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Angie Peltier


Angie Peltier
Former Extension Educator, Commercial Agriculture



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Hill and Furrow

Current topics about crop production in Western Illinois, including field crops research at the NWIARDC in Monmouth.
Figure. Thick, white, moldy fungal growth characteristic of Diplodia ear mold caused by Stenocarpella maydis (photo: Dr. Carl Bradley, University of Kentucky).
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Moldy ears at harvest – Diplodia ear mold in Western Illinois


Corn ears are thought to be most susceptible to infection by Stenocarpella maydis, the fungus that causes Diplodia ear mold, in the 3 weeks after silking (milk stage), when the silks begin to die. Fungal spores are rain-splash disseminated onto the crop from residue from previously infected crops. In 2015 in western Illinois, corn planted between April 5 and 15 reached silking at the end of June or the beginning of July after which periodic rains brought between 9 and 11 inches of rain - perfect conditions and timing for Diplodia ear mold.

Symptoms and signs. S. maydis can infect the plant by growing down the silks, infecting the husk near the base of the ear or penetrating the ear shank, growing up the cob and between kernels. Infections that take place earlier-on can result in the whole ear becoming diseased. Early infections can result in bleached or tan-colored husk tissue, rotten, lightweight kernels that are dull-gray to brown in color and in vivipary, kernels that germinate before harvest and while still attached to the plant. Growth of the pathogen can result in husks hanging on tightly to the ear.

Later infections may result in only portions of the ear being infected, often towards the base of the ear, with no outward symptoms or signs.

Signs of the fungus can be conspicuous and include thick, white, moldy growth on or between kernels (Figure). Later in the growing season small, black asexual reproductive structures of the fungus (pycnidia) may be visible to the naked eye (Figure).

Yield loss. Yield can be lost through smaller kernel size and lower test weights. This, along with moldy or damaged kernels and fine materials can result in discounts at the grain elevator.

Management considerations this year. Be aware of the potential for Diplodia ear mold this year and adjust plans accordingly. Diseased kernels may be more brittle than healthy kernels, increasing the possibility of breakage and the amount of fine materials. Adjusting combine settings can help to maximize grain cleaning and minimize breakage. Additional cleaning of harvested grain is recommended before sale or storage to minimize discounts and to improve aeration in short-term storage. Drying and cooling the grain as soon as possible is recommended to stop the growth of both S. maydis and other opportunistic fungi. Storing diseased grain separately and for only short periods of time is recommended to reduce the chance of additional losses.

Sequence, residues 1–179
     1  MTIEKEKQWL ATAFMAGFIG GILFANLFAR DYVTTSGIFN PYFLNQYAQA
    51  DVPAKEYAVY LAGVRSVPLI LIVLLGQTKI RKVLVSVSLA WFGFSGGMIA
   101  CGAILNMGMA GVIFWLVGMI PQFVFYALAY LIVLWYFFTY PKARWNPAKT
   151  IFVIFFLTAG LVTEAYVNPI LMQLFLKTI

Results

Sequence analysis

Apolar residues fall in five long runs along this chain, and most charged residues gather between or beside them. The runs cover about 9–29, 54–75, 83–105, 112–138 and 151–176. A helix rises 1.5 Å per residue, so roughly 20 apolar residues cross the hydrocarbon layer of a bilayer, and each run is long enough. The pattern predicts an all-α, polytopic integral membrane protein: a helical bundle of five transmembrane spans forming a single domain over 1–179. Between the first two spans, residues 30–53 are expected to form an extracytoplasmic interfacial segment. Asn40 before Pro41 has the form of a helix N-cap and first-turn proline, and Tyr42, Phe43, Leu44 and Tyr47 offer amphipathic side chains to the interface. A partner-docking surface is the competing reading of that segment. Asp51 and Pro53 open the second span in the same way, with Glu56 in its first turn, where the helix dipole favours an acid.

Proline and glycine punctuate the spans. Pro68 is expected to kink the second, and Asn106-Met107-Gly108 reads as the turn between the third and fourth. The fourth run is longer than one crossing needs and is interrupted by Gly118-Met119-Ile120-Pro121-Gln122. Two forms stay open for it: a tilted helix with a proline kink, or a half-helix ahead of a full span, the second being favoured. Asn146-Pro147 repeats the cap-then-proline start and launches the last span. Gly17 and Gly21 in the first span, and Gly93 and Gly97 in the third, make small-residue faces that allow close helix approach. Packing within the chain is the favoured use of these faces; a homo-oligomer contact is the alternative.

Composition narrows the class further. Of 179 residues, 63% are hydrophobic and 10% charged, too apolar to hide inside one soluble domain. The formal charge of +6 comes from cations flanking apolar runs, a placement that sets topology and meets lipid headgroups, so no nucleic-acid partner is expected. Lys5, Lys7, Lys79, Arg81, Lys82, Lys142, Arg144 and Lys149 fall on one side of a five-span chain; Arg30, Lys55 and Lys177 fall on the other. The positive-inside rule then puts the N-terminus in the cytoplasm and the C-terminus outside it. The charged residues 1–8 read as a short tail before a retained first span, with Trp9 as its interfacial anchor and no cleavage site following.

On a positive note: unlike some of the other ear molds, in the U.S. Diplodia ear mold is not associated with mycotoxin contamination.

Management considerations in future years. Hybrids vary in their genetic susceptibility to Diplodia ear mold. Select hybrids with high levels of resistance to plant in fields that have had a history of disease.

S. maydis has a host range of one - corn – and survives in infested residue on the soil surface. This is why both crop rotation and tillage are important management strategies.

References:

Severns, D.E. and White, D.G. 1999. Diplodia Ear Rot of Corn. Proceedings of the IL Crop Prot. Technol. Conf. pp 106-107.

Steckel, S. 2003. Biology and Management of Diplodia (Stenocarpella maydis) Ear and Stalk Rot. J. Nat. Resour. Life Sci. Educ. 32:5-7.

U2U Corn GDD Decision Support Tool.

Water and Atmospheric Resources Monitoring Program. Illinois Climate Network. (2014). Illinois State Water Survey, 2204 Griffith Drive, Champaign, IL 61820-7495.

White, D.G. ed. 1999. Compendium of Corn Diseases. 3rd ed. APS Press. St. Paul, MN.

Woloshuk, C. and Wise, K. 2009. Diseases of Corn: Diplodia Ear Rot. Purdue Extension Bulletin BP-75-W.



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